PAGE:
Internet platform for studying Xenophobia, Radicalism and Problems of Intercultural communication.

Incitement of Hatred

Incitement of Hatred Anti-immigrant graffiti opposite the office of the Irish Immigration Council in Dublin, February 2014.

On April 3, 2014 Minister of Justice Alan Shatter’s house was sprayed with anti-Semitic graffiti.

On July 4, racist graffiti were discovered outside the Convention Centre in Dublin. On July 19, it was reported that a racist message was spray painted on the shutters of an ethnic food store in Carlow Town. On July 31, anti-Semitic graffiti was found in Dublin.

Racist graffiti was also found in Dublin in late December.

Homophobic leaflets have been distributed in Dublin in late December, saying that there will be “horrible consequences if homosexuals get access to the sanctity of marriage”.

There have been several xenophobic calls on the internet (particularly during the Waterford conflict).

Turning to more qualitative studies of hate crime during the period under study, there has been increasing amounts of focus within the academic community on everyday anti-Muslim prejudice in Ireland. As early as June 2014, Dr James Carr wrote a seminal academic report outlining ‘Experiences of Anti-Muslim Racism in Ireland’ for the University of Limerick’s Hate and Hostility Group.[1] What Carr found – based on interviews and focus group discussions with 345 Muslim Men and Women – was that Irish converts to Islam were particularly targeted as ‘traitors’ (p.3); that Muslims were treated as ‘suspect communities’ by police and society at large (p.4); and that a greater degree of anti-Muslim hostility was felt by individuals who were identifiable based on skin colour (47% of respondents)and other,cultural markers of ‘Muslimness’ (such as the wearing of the Hijab or SalwaarKameez)(45% of respondents) (p.5). In addition, he found that 36% of respondents had experienced some form of anti-Muslim racism – with 22% experiencing physical assaults, 20% harassment and 14% damage to personal property (p.3) –and that only 36% of victims reported anti-Muslim hostility (p.9).Finally, there was also a noticeably gendered aspect of this discrimination and hostility– with 96% of Muslim women who participated in the study suggesting that they had experienced some form hostility based on how they dressedcompared with just under half (45%) of the mensurveyed(p.6).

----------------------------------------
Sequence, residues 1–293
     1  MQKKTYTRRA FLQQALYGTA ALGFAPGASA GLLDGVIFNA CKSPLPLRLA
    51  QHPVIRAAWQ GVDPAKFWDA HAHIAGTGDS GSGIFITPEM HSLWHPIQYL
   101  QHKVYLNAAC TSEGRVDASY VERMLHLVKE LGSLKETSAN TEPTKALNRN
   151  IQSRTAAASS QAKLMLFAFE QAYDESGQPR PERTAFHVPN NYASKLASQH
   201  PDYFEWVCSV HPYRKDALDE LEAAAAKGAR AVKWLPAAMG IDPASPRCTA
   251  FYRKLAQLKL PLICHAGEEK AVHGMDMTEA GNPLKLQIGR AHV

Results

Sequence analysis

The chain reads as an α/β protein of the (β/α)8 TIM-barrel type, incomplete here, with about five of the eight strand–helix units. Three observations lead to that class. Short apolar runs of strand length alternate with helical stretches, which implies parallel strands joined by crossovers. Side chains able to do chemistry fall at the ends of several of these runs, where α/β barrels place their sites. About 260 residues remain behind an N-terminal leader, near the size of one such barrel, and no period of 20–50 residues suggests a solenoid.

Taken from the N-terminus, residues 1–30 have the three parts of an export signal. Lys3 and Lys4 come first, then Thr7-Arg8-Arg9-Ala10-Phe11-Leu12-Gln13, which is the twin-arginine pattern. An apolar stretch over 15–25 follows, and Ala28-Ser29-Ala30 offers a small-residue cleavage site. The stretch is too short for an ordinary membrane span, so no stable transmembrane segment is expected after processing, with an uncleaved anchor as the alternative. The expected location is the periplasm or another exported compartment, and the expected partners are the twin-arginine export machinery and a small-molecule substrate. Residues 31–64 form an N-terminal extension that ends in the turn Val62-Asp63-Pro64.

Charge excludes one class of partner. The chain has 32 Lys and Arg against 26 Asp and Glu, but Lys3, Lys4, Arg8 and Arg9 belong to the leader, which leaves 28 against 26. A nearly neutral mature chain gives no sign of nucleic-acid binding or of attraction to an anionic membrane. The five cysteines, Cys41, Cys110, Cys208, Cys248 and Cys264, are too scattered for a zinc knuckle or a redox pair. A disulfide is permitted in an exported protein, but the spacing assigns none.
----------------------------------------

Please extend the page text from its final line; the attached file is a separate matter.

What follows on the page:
In a further (2015) study, DrCarr (along with his co-author, Amanda Haynes) focus on how transnational and local self-imaginings of race feed into perceptions of the Muslim community in Ireland. What they argue is that Muslims are caught between two different competing racializations – on the one hand an exclusionary form of Irishness and on the other a racialized form of Muslimness (p.21). They also argue that the Irish state’s lack of willingness to categorise anti-Muslim hatred as a specific offence is part of a wider dismantling of the apparatus to address racism, which reflects the neoliberalisation of race (ibid). Finally, and based on Carr’s PhD research into Anti-Muslim hostility in Ireland, what the authors find is that – of the 36% of participants stated as experiencing some form of anti-Muslim hostility – two-thirds reported that they did not refer it to any state entity (p.30). This was largely based on fear of the police, fear of reprisals in case they were identified to the perpetrator(s) and notions of futility around the reporting of hate crimes (pp.30-32). This again paints minority communities confidence in reporting hate crime in Ireland.